3 Ways Education Policymakers and Impact Investors can Create Greater Impact

Author

Patsian Low Patsian Low

Date

September 4, 2017

India has achieved a remarkable development goal with the near universalisation of primary education as of 2015.1 96.9% of children in rural India enrolled in school in 20162 and 98% of habitations now having access to a primary school within a 1km radius.3

National policy implementations like the Right to Education (RTE) Act for primary-school age children and Rashtriya Madhyamik Shiksha Abhiyan (RMSA) for high-school age youth are landmark catalysts to large scale improvements in access to education. Many international and local foundations, companies and investors have a stake in the education sector in India, introducing a dizzying diversity of interventions, widely spread all over the nation.

“Yet there are still persistent gaps that are seen in localised pilot ideas that fail to scale, and the difficulty in achieving better education outcomes.”

Nonetheless, many innovative interventions at state and municipal levels are already working closely with governments.

Michael & Susan Dell Foundation, for example, have rolled out integrated school excellence programmes in 4 cities in India. By working with government and private schools, the Foundation focuses on reform and adoption of continuous evaluation to transform the school system and improve education outcomes.

Photo Credit: Michael & Susan Dell Foundation – Conference Report: A Rountable on Quality Transformation in Government School Systems

“In a critical sector like education, identifying areas where policies can impact the social economy will set the stage for productive design and implementation of collaboration-driven policies.”

AVPN’s social economy policy framework identified 5 areas where policy can impact the social economy: Capital Mobilisation, Capacity Building, Leadership & Alliances, Market Building and Legislation.

Applying this to education, here are 3 possible areas where policymakers and impact investors may identify breakthrough and impactful collaborations.

Capital Mobilisation

Going beyond traditional scholarships and school-building, impact investors and policymakers can work together to unlock risk-tolerant capital in overlooked areas of funding.

This can include infrastructure and development of inclusive education initiatives for children with special needs.

Capacity Building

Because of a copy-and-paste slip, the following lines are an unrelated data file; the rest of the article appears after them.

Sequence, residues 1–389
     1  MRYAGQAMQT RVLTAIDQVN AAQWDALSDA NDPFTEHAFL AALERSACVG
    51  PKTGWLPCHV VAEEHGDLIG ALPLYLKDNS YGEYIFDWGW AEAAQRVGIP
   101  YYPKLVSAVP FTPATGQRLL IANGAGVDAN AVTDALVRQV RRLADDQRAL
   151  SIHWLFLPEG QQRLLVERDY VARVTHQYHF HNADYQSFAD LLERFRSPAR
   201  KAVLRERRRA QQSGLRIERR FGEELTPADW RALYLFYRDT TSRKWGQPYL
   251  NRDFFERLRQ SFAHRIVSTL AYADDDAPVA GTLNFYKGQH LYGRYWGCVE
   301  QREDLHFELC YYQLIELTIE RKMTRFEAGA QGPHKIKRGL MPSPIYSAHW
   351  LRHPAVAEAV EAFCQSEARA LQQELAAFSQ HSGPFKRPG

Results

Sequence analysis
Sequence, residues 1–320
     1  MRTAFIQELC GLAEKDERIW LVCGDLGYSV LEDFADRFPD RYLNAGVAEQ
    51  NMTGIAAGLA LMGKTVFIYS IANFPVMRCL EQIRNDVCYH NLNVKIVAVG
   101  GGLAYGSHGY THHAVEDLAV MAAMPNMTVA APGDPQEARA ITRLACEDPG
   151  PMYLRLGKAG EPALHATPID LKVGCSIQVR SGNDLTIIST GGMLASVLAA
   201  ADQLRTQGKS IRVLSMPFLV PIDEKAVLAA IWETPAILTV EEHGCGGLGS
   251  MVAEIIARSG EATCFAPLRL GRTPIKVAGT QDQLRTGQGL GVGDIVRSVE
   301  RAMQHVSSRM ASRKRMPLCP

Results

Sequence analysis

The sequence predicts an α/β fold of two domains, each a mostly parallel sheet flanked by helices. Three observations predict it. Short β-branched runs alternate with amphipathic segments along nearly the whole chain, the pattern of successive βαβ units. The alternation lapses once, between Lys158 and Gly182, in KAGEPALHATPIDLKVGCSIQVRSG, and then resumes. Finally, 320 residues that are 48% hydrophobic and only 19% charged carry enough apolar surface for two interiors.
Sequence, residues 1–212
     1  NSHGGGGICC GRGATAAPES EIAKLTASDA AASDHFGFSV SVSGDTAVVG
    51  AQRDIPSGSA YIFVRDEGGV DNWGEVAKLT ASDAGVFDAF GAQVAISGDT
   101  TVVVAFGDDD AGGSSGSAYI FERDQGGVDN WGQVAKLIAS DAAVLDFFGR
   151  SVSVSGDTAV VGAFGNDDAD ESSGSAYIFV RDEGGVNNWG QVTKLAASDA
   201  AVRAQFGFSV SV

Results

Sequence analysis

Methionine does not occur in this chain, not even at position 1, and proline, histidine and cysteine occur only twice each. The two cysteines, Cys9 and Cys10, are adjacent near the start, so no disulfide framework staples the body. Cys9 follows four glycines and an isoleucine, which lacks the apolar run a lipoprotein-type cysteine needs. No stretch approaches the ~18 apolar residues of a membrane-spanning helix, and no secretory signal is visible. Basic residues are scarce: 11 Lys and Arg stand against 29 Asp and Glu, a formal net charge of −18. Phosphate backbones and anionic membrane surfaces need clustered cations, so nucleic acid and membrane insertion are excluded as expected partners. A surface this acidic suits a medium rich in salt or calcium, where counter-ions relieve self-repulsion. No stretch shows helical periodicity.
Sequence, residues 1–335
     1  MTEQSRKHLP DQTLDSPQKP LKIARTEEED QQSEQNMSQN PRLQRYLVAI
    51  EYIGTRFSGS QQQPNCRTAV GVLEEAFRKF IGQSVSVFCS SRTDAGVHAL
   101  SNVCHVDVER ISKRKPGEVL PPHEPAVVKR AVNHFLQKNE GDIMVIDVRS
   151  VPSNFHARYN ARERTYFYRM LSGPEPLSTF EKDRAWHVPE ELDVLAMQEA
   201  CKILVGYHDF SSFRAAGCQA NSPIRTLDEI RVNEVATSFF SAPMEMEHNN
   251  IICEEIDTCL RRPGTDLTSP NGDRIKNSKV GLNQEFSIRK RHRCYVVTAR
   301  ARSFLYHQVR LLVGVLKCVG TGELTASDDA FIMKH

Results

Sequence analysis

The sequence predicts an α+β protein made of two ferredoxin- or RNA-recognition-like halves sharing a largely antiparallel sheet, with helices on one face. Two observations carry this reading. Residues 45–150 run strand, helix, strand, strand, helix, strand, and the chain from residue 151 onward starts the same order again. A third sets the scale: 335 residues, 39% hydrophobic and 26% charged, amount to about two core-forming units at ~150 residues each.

A significant advantage of impact investment is its belief in the value of building ecosystems and industry capacity to be more effective in social impact. Thus, there is long-term investment value in leadership development and establishment of benchmarks for education outcomes.

Policymakers can proactively and transparently engage impact investors in strengthening critical parts of the education system through their financial, social and intellectual capital. For example, the private sector can advance learning and development to catalyse future-ready curriculum and pedagogy.

As such, education innovations have more opportunities to get to market and grow to scale, when private sector and education policymakers work together.

Market Building

The provision of universal education for all Indian children has seen a rise in the number of private school operators. However, collaboration and alignment between governments and impact investors can ensure holistic social outcomes are achieved. For instance, impact-oriented private sector interventions can ensure youths are ready for employability, thus going beyond enrolment numbers.

Collaboration between policymakers and impact investors can bridge very important transition gaps that get lost between education and manpower policies.”

Last but not least, policymakers and impact investors working together are symbolic of Leadership and Alliance-Building, a critical part of a robust social economy.  Taking the lead to show that social impact goals can unite resources across sectors is a powerful signal that India’s education policymakers are future-ready.

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The time is right for exploring such collaboration and learning opportunities in India’s education landscape.

We look forward to uncovering more insights from the AVPN India Summit 2017. The Funding Education with Impact report, launched at the Summit, will go a long way to identifying important trends, opportunities, and gaps for impact investment to make a difference.

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[1] UNESCO, 2015
[2] ASER, 2016
[3] SSA, 2010


About Author
Patsian Low
Patsian Low Director for the Asia Policy Forum AVPN

Patsian is the Director for the Asia Policy Forum and brings with her over 20 years of work experience from private and civic sectors, crossing the fields of social finance, social entrepreneurship, impact philanthropy and non-profit leadership. She is committed to building APD into a platform for Asia’s policymakers to identify how they can build stronger social impact funding ecosystems.

Patsian recently ended her tenure as Senior Vice President in DBS Bank, where she was head of DBS Foundation and DBS CSR, leading their work in championing social entrepreneurship. Prior to this, Patsian was the Director of the Philanthropy division in Singapore's National Volunteer & Philanthropy Centre (NVPC), which promotes and engages philanthropy from different donor sectors. Patsian had previously started her own social incubation business, after she left a 14-year banking career spanning New York, Hong Kong and Singapore.

Patsian has also has conducted training across Asia in Social Entrepreneurship, Assessing Social Impact, New Social Trends, Microfinance, and Human Capital Development. She has contributed to and co-written research papers and case studies on the same topics. She also serves on the board of several small but growing non-profit organisations.